## Parallel Computing Harnessing Unary Encoding

A new frontier in computing, opened in the last decade, uses unary encoding: the data is not packed, but complex computations such as Gamma correction and edge detection in an image can be performed using very simple logic. This new computing method provides a deterministic parallel bit shufﬂing network that uses a simple, deterministic thermometer encoding of data to achieve near optimal sub-sampling. The approach results in zero random ﬂuctuation and high accuracy, yet keeps the output bit stream length constant, hence overcoming the impractical large code size in a zero-fluctuation stochastic code. It uses core “stochastic” logic circuits that do not employ constant coefﬁcients, making them signiﬁcantly smaller than traditional stochastic logic that potentially spend a signiﬁcant amount of resources to generate such constant coefﬁcients. The low-latency, parallel computation scheme in the context of unary stochastic and unary deterministic computing that enables computing a parallel unary stream (i.e., all bits are generated in a single digital clock cycle, using parallel copies of a stochastic logic, generating the output stream in one clock cycle). It uses a hard-wired, deterministic shuffling network that de-correlates inputs and allows for low errors in general (even zero errors in some cases). Rather than relying on randomness as an essential requirement for stochastic logic input, deterministic shuffling and sub-sampling techniques are described for generating inputs to the core stochastic logic.

## Smaller Area than Stochastic Methods

Conventional binary has been the dominant encoding of data in digital systems due to its compact representation. However, it requires the data to be “unpacked” before computation (e.g., multiplication has to be broken into partial product and accumulation operations). Stochastic computing suffers from random fluctuations and unpredictability of the output. Previous solutions to this problem involve significantly increasing the code size, which is not practical. Stochastic computing and deterministic computing on unary streams use simple “stochastic” logic to perform complex computation. However, one of the major limitations with this method is its long latency and circuit depth. This technology offers a parallel implementation that uses both a thermometer code and a hard-wired deterministic shuffling method, which significantly decreases latency with a moderate increase in area. When compared to previous stochastic computing methods, results on feed-forward and feedback circuits show, on average, an (area × delay) value 7x smaller than of conventional binary and 8x smaller than previous stochastic work at a10-bit binary resolution.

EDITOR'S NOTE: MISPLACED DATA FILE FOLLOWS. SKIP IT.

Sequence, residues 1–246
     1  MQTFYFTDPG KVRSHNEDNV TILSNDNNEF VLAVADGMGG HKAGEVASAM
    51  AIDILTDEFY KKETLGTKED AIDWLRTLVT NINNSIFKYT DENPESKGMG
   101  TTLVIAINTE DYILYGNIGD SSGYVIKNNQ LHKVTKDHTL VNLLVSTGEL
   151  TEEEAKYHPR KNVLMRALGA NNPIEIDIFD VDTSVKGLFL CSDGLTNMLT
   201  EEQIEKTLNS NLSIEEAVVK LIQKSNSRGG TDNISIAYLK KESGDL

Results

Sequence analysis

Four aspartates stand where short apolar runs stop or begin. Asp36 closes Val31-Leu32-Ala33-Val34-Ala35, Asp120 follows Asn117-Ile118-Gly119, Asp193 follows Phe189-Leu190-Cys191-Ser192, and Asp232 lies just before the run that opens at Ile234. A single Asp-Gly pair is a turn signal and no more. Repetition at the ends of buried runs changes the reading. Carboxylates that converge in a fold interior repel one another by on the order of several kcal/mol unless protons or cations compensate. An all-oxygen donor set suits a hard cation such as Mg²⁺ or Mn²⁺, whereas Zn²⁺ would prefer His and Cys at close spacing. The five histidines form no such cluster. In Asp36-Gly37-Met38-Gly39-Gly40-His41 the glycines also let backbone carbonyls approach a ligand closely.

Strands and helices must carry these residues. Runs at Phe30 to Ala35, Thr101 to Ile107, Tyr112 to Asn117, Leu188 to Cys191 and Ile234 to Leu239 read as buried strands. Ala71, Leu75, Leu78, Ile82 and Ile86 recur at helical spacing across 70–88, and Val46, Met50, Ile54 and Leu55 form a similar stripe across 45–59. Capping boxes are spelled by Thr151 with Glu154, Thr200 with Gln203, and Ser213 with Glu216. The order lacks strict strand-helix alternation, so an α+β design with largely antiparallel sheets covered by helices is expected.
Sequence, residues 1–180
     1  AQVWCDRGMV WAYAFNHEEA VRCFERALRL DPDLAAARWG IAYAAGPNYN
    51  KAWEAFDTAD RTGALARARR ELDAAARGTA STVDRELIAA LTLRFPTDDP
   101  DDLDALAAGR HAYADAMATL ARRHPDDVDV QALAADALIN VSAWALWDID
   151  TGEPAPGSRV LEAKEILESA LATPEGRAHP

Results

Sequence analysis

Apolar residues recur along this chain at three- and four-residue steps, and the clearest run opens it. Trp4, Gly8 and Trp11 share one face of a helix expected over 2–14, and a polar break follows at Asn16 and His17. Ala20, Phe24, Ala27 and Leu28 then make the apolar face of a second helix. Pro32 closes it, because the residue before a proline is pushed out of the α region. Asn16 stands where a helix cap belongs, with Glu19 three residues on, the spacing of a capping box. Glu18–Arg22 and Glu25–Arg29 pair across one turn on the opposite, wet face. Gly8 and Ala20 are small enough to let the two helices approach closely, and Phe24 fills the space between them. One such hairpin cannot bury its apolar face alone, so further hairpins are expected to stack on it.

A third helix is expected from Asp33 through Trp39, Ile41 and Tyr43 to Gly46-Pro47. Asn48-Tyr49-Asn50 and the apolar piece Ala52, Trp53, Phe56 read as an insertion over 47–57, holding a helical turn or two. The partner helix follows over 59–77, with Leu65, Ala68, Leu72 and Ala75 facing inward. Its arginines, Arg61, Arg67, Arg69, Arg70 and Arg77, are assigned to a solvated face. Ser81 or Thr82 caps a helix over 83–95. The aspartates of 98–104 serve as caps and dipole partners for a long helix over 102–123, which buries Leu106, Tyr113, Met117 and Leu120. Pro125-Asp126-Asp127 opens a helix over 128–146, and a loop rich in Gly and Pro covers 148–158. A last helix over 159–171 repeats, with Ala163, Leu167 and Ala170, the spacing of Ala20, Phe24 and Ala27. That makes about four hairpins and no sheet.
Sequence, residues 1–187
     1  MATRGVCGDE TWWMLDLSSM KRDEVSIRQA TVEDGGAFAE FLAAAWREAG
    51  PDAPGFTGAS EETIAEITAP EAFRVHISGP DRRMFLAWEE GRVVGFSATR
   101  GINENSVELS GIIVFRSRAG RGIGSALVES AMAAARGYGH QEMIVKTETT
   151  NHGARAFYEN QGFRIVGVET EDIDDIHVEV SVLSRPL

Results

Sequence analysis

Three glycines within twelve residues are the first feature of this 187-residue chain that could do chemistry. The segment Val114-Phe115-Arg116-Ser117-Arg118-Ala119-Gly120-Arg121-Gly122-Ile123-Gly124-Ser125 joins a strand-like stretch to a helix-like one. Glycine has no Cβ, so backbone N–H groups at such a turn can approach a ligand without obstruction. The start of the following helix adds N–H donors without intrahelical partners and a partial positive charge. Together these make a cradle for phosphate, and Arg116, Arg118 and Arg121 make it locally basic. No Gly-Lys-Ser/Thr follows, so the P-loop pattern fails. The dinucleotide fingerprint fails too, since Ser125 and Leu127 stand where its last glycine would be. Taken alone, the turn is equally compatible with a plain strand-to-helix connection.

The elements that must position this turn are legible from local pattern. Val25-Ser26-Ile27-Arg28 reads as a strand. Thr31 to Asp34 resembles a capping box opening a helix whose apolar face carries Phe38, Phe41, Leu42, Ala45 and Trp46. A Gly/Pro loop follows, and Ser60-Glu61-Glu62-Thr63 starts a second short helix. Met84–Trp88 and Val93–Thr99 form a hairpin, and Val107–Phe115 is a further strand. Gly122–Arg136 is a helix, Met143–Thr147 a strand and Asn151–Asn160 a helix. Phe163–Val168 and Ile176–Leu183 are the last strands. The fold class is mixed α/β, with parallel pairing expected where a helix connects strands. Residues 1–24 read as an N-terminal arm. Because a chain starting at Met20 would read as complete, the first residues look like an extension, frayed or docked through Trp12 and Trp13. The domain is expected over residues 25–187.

Comparison vs. Conventional Binary | ||||
---|---|---|---|---|

No. of Bits | 10 | 11 | 12 | 13 |

Area-Delay Product | 8x smaller | 4x smaller | 2x smaller | 1x |

**BENEFITS AND FEATURES:**

- Simple, deterministic thermometer encoding of data
- Achieves very good to optimal sub-sampling
- Zero random ﬂuctuation and high accuracy
- Keeps output bit stream length constant
- Core “stochastic” logic circuits
- Low-latency, parallel computation scheme
- Enables computing a parallel unary stream
- Hard-wired, deterministic shuffling method de-correlates inputs and allows for low errors
- Superior to binary computing for medium resolutions (8-12 bits)

**APPLICATIONS:**

- FPGA architectures: FPGAs provide two useful features this method uses: abundant buffered routing resources and flipflops, and the ability to handle large fanouts
- ASIC
- Full-custom digital chips operating in domains (e.g., image processing and signal processing)
- Low-power signal/image processing, e.g., in Internet of Things
- Machine learning/deep learning systems
- Approximate computing applications and applications that tolerate some degree of uncertainty (e.g., video processing, image tagging)

**Phase of Development** - Conceptual

**Researchers**

*Professor, Electrical and Computer Engineering*

*Associate Professor, Electrical and Computer Engineering*

*Associate Professor, Electrical and Computer Engineering*

*Assistant Professor, Electrical and Computer Engineering*

Interested in Licensing? |
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The University relies on industry partners to scale up technologies to large enough production capacity for commercial purposes. The license is available for this technology and would be for the sale, manufacture or use of products claimed by the issued patents. Please contact Doug Franz to share your business needs and technical interest in this technology and if you are interested in licensing the technology for further research and development. |